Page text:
Executive board members of the Associated Students of the University of Washington Tacoma — UW Tacoma’s student government — have laid out their plans and goals for the 2019–2020 school year. Among these goals include an expansion of food options on the UWT campus, increase of resources for students and more ways to create and retain student interactivity on campus.
ASUWT President Vincent Da — who leads the executive board — discussed some of his biggest goals for the year. One of Da’s current initiatives include bringing food trucks onto campus as an additional option for students to buy food. The hope is that these food trucks will provide more food choices for students to purchase and to diversify the types of food which can be found around campus.
“As ASUWT President, you can influence a lot of positive change on campus than the jobs you are currently holding,” said Da, who previously worked for the Center for Equity and Inclusion’s Student Pantry, as a Pack Advisor and as the senator for undeclared students. “I was passionate about working on food insecurity and accessibility while in the Pantry, and that was my main platform for campaigning.”
Some of Da’s other current initiatives include creating a bimonthly meeting of Registered Student Organizations to help promote campus interactivity, a plan to increase safety around campus crosswalks and more follow-up and support for students who are sophomores. Additionally, Da is continuing cooperation with Koz Apartments and the Tacoma Housing Authority to combat housing insecurity, something which former ASUWT president, Armen Papyan, helped to facilitate.
Other members of the board also have plans they wish to see completed by the end of the year. One goal for Laurel Hicks, ASUWT’s director of university affairs, wants to see is an increase in graduate student participation, especially within student government.
“I will also seek to increase graduate student representation in student government and, ultimately, their voice in university conversations,” Hicks said.
Another plan which Hicks discussed was the need to implement “multiple levels of bathroom equality” around UWT. She stated that this would entail the implementation of sanitary napkin wall disposals, an increase of free sanitation products in all restrooms, the addition of running water for lactation rooms and add changing tables in men’s restrooms.
“Part of the appeal of ASUWT is to work with the campus to make it a place where people will want to spend time outside of class and expand their voices just like I did for mine,” said Hicks.
For Director of Outreach Margarita Daisy Gonzalez, increasing student involvement with campus activities is one of her biggest goals. Gonzalez is responsible for promoting student government, organizing event materials and relaying students’ voices back to the board.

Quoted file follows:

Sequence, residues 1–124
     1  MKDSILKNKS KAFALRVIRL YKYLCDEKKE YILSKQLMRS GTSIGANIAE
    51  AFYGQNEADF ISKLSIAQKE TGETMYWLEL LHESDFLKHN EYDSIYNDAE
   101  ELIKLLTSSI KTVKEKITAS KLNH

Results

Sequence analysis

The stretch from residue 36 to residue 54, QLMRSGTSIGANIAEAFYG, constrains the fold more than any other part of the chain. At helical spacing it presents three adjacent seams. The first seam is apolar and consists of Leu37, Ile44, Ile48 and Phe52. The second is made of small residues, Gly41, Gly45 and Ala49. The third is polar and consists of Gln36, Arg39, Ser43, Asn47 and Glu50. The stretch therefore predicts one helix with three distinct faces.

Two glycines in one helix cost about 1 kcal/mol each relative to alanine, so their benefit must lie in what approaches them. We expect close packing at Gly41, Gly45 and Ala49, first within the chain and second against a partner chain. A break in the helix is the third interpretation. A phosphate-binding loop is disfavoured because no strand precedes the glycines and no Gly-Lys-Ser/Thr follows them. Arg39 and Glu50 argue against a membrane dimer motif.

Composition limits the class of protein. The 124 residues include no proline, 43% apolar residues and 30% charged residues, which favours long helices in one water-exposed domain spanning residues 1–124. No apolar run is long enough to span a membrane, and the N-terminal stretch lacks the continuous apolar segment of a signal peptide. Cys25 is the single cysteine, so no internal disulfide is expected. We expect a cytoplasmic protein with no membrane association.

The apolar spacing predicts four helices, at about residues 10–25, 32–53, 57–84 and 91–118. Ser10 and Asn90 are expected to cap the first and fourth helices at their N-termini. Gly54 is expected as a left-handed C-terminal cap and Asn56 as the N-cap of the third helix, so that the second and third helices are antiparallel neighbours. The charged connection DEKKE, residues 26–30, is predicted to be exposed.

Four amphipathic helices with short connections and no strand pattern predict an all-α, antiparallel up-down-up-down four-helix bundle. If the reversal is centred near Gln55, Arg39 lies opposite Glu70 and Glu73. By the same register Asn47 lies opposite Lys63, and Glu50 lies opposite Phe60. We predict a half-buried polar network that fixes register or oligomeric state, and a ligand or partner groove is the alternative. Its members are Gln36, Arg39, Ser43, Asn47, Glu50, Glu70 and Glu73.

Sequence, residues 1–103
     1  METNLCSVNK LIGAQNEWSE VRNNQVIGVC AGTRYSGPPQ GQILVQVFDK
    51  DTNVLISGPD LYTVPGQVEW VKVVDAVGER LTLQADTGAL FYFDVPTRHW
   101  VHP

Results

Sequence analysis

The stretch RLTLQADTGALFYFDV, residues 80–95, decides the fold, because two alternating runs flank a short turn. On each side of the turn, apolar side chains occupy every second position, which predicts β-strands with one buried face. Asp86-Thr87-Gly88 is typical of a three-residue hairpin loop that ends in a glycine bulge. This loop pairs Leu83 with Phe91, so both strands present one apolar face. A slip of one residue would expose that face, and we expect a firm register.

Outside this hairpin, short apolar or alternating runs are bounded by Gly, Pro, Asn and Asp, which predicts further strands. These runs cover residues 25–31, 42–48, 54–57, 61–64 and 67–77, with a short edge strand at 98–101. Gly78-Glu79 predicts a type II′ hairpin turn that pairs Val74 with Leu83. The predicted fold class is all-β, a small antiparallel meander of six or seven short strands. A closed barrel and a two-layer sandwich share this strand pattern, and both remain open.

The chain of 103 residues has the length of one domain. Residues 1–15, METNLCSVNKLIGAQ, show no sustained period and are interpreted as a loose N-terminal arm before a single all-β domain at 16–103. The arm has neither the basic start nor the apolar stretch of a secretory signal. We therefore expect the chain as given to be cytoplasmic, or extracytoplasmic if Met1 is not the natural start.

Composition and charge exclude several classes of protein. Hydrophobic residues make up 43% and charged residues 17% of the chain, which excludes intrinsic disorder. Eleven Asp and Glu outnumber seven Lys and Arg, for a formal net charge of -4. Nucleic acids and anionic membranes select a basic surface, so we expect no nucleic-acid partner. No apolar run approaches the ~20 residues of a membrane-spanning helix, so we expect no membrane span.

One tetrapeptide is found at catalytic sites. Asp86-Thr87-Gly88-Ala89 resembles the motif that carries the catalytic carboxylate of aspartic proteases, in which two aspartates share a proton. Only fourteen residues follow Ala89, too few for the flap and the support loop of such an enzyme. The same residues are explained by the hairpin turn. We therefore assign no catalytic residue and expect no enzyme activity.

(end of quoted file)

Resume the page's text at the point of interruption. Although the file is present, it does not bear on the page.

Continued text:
“This quarter ASUWT is doing Project Husky, which is an event that will be focused on getting students to register to vote in Washington State.”-Margarita Daisy Gonzalez
“One of my responsibilities is to voice student concerns to the team and this is done by Town Halls,” Gonzalez said. “This quarter ASUWT is doing Project Husky, which is an event that will be focused on getting students to register to vote in Washington state. This will also serve as an opportunity for students to meet the ASUWT board and senate representatives; we will be there to talk to them as well as hear them out with concerns [that] they may have about UWT.”
Gonzalez also talked about how both ASUWT and UWT could improve on communicating with the student body.
“Communication is a key factor that we need to address,” Gonzalez said. “Finding ways to better reach our broad population of students. Social media is a great platform, but not everyone uses it or has access to it. I will work on ways to get information across to more students. This is something I will be working on planning with the multimedia specialist, which is soon to be hired.”
ASUWT meets on a weekly basis on Fridays from 11 a.m. – 1:30 p.m. in TPS 110. The Executive Board meets for the first half of the time, with the senate meeting during the other half. These meetings are open to the public. They highly encourage students to attend and voice their opinions and concerns on how UWT, and the surrounding campus, can be improved.
These goals outlined by the Executive Board reflect a common theme of continuing to increase interactivity on campus, as well as define what it means to be a UWT Husky.
“What it means to be a Tacoma Husky is being able to connect with students, faculty and staff on a more personal level, while being integrated in downtown tacoma, where there are many opportunities to explore your interests,” Da said.
Gonzalez reiterated Da’s thoughts and expanded further on the subject.
“Being a Husky means a community of eager learners,” Gonzalez said. “Although we may all be different we share a common goal and purpose that brings us together: we all came to learn and graduate. Being a Husky means that we are not alone in our efforts; Huskies work in packs and help each other on their journeys and keep strong ties to their packs.”